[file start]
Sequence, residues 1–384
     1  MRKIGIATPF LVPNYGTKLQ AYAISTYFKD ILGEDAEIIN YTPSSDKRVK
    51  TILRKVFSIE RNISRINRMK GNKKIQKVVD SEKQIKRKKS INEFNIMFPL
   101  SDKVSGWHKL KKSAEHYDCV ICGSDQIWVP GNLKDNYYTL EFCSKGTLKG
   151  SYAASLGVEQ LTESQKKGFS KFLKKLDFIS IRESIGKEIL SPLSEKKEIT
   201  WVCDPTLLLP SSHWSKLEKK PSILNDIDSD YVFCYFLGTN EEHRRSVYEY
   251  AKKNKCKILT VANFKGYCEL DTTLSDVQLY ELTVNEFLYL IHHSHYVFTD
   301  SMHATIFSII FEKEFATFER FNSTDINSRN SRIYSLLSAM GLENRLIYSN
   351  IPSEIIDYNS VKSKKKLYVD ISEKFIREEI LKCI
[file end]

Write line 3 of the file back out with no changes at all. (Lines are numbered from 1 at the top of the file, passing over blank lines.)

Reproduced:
    51  TILRKVFSIE RNISRINRMK GNKKIQKVVD SEKQIKRKKS INEFNIMFPL